Alex’s Road Trip Do’s and Don’ts

It’s summer now, which means millions of Americans should be leaving their hometowns and escaping to amazing places all over the country for their annual vacations. However, this year is a little different. With a worldwide pandemic going on, many people are cautious to hop aboard a cramped airplane with poor air circulation. Many summer vacationers may forgo airline travel completely in favor of more isolated methods of travel. Know what that means? Yes, the classic American road trip is officially back in style.

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As I write this, I’m sitting in the sand on a beach overlooking the Pacific Ocean. My 2010 Subaru Outback is parked 100 yards away. This is the fourth time it’s been driven from Indiana to the West Coast. The odometer sits at just a tick over 253k miles. I bought it twenty months ago with 190k miles and in that short time period, I’ve driven it 53k miles around the United States. When most people hear this spiel from me, they are a bit speechless and have a ton of questions on how I’ve accumulated so many miles.

I repeatedly get similar questions and direct messages on social media with people talking about how they would love to do what I do and road-trip across the country, but they have a disdain for driving or don’t think they would be able to pull it off. Driving is not a natural human skill; you have to train and prepare your body and brain to do it. But with a simple list of things to do before and while you’re driving, driving long distances can be fun and enjoyable whether you’re behind the wheel for leisure, business, or anything in between.

Road Trip Do’s and Don’ts

There’s an art to driving long distances. Not to toot my own horn, but I consider myself an artist in this domain. So, if you are planning on driving cross-country anytime soon, you’re in luck because this post is all about how to perfect the craft of driving. I hope this advice will take you from having to take breaks every 100 miles to arriving before Google Maps says you will.


Driving long distances is not very active, obviously, but you have to be in good health to drive for long periods of time. Think of it as prepping for a marathon. Get lots of rest, eat a healthy meal, and stretch before getting into the car. Fatigue behind the wheel is a real and dangerous thing. Prepping just like you would before your workout will increase your alertness on the road. When your body feels good, your brain feels good, which is crucial when you’re hauling cross-country.

Stay Alert 

Keeping your brain occupied as you drive across miles and miles of monotonous farmland helps pass time and keeps your brain alert. I’m a heavy over-thinker, so I can spend hours behind the wheel and keep myself entertained. I’ve also found that playing brain games like trying to name all 50 states is a great way to pass time. Doing simple math and staying up-to-date with how far you have until you reach a certain city or waypoint is also a fun distraction. It helps break the drive into smaller segments and makes it seem shorter. When you have one goal of 1,500 miles, your drive will seem like a never-ending slogfest, similar to doing a circuit workout. Just no fun. My advice? Break it up!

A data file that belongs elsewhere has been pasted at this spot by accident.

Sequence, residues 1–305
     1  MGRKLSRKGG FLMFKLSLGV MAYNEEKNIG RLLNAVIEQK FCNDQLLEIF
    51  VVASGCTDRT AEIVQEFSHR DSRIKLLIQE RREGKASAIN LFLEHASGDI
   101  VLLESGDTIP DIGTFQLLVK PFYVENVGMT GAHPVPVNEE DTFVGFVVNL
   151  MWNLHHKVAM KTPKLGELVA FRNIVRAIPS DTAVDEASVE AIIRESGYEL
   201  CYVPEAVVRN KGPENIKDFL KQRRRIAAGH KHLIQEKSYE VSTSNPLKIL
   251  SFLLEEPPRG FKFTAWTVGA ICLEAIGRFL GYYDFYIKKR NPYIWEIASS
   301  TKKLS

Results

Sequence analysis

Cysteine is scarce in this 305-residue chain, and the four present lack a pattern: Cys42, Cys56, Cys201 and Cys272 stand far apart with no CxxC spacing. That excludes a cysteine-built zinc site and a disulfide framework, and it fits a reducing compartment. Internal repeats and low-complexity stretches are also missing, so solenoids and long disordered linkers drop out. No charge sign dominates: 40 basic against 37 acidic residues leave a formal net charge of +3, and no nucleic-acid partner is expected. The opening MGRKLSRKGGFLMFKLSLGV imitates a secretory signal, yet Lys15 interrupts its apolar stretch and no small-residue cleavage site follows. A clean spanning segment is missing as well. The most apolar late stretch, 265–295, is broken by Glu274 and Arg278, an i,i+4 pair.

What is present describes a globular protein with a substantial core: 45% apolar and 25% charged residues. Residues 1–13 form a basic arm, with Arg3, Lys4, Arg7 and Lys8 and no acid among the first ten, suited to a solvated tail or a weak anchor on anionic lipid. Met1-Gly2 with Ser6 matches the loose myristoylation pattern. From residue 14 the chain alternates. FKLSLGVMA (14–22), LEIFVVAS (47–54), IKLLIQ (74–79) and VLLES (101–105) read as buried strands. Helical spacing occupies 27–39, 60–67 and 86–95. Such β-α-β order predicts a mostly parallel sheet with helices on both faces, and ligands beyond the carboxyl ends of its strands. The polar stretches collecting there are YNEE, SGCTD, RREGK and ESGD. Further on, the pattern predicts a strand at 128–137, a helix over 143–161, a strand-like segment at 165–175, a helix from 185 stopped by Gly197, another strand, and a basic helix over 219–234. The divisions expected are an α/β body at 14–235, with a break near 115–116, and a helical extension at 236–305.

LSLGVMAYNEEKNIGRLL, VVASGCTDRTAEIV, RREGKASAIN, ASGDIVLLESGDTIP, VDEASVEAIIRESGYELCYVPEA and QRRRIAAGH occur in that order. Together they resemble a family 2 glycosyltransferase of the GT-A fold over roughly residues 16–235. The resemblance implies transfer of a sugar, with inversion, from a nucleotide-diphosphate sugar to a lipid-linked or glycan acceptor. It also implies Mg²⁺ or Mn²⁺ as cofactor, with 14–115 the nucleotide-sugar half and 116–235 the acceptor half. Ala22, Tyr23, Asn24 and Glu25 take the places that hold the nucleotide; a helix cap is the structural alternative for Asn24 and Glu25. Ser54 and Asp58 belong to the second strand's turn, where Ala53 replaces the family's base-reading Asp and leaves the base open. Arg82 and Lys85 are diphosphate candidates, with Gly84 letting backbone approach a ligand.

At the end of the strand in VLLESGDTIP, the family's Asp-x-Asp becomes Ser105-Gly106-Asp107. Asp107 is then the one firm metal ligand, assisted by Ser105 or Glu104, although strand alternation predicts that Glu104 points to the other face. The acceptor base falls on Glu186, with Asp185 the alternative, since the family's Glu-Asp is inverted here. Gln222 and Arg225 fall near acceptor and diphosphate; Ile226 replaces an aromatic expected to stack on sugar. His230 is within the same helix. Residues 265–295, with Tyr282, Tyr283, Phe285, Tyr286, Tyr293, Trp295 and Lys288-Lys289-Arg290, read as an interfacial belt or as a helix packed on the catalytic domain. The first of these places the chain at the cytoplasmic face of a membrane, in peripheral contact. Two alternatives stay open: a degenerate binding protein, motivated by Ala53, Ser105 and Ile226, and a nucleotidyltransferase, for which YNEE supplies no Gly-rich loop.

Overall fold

Fuel Your Body

Putting the right types of foods and drinks in your body while driving long distances will exponentially increase your endurance on the road. My go-to road snacks used to be a bottle of coke and a pair of Twix bars. This was horrible for my driving performance. The high sugar and fat content would give me a strong initial boost but after an hour, I would find myself struggling to stay awake behind the wheel after the sugar crash hit. Recently I’ve really refined my on-the-road food diet over the past couple of trips. Foods that are high in protein and carbs are great options because they will keep your energy up for a long period of time and have a much more positive impact on your driving than junk food. I make a nice homemade trail mix that has a nut mix and dried cherries. When it comes to healthy beverages, Red Leaf Energizer has totally revolutionized my driving routine.

I’ll mix up a bottle before I start driving and sip on it while on the road. This keeps me energized for at least 300 miles and I don’t have to worry about a sugar crash because it has zero grams of sugar. If there’s one thing I’ve learned about traveling with Red Leaf, it’s that it is so versatile. I’ve used Red Leaf Pre-Workout on this trip for stuff I never would have imagined.

Those are just a couple of the skills and routines I have figured out that work for me while I’m driving. In today’s world, almost everyone encounters a time where they have a long road trip in their future, whether it is moving cross-country or road tripping to beautiful national parks with friends. Even things like commuting to work in miles of stop-and-go traffic can be made better if you take a little bit of time to find out what works for you. Not only will it make your driving experiences better, it will make them safer.

Take 10% off of Red Leaf Pre-Workout Energizer with code “alexpaul” at checkout while prepping for your next road trip adventure.


Blog by Red Leaf ambassador, Alex Paul